I had mentioned some time ago about Lost Art Press’ new edition of Ants Viires’ Woodworking in Estonia. (I just now realized that’s 3 revised books in a row…weird)
I wrote a short intro to it, just some notes about my exposure to the original English edition. Now we get better, clearer illustrations, and a text that is related to what the author wrote. And you can buy it easily, whereas the 1969 edition was like hen’s teeth. Suzanne Ellison wrote a nice history of the book, and how it got to be translated and published by the US government back in the 1960s. If you’re not familiar with the book, the author travelled his native countryside in the 1950s and 60s, recording in photographs, drawings and notes the woodworking practices in the countryside, which he reckoned were soon to disappear. Much of the work presented relates to agricultural work; but lots of it is things for the home – cooperage, boxes, some spoons, some furniture. What always strikes me is the familiarity with the material these craftsmen had. A must-have for green woodworkers… https://lostartpress.com/collections/books/products/woodworking-in-estonia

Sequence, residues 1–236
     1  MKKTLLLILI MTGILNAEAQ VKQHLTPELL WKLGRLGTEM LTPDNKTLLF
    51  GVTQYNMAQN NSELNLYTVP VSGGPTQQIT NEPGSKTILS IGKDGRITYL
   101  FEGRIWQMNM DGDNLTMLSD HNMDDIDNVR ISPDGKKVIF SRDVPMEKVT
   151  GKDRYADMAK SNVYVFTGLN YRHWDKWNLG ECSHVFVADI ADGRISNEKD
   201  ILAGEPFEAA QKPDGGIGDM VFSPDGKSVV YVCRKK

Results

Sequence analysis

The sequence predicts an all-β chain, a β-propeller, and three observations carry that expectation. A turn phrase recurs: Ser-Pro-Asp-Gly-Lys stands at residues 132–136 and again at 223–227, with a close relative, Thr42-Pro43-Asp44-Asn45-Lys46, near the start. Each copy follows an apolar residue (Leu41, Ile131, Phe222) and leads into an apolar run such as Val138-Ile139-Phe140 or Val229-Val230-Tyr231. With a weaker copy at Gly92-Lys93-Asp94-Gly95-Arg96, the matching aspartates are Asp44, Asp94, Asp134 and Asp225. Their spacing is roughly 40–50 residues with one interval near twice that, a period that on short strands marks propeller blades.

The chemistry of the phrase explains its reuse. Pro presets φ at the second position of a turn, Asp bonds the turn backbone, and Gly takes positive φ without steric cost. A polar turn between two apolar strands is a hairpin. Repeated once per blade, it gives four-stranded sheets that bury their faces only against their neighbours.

In some ways, this next book is similar, in that it’s about knowing the properties of trees.
This one, however, is new, and written by woodworkers, it is the Swedish book Slöjden börjar i skogen – The title roughly translates to “Craft begins in the Woods.” How to use what sort of tree where, what sort of growth – straight, crooked, hard wood vs soft. I bought mine at Sätergläntan’s great craft store, an amazingly inspiring place. I have just started to work out some of the text via Google translate. It’s enough to get the gist of it. (here’s the link to Sätergläntan’s store; it’s available elsewhere, but I know nothing about who ships where… http://www.saterglantan.com/butik/butiken/litteratur-sv/slojden-borjar-i-skogen/ )
I had seen this one on Jarrod Stone Dahl’s blog, after one of his earlier trips to Sweden. I haven’t turned a bowl in 2 years, but hope to get to it again before too long. This book was one of those things where I thought, I’m not going to see this again, so better get it now. Might need it later.
Continuing the Swedish theme, when I got home, I was searching used books for one on Swedish vernacular furniture. I didn’t find one yet, but I did find Swedish Folk Art: All Tradition is Change.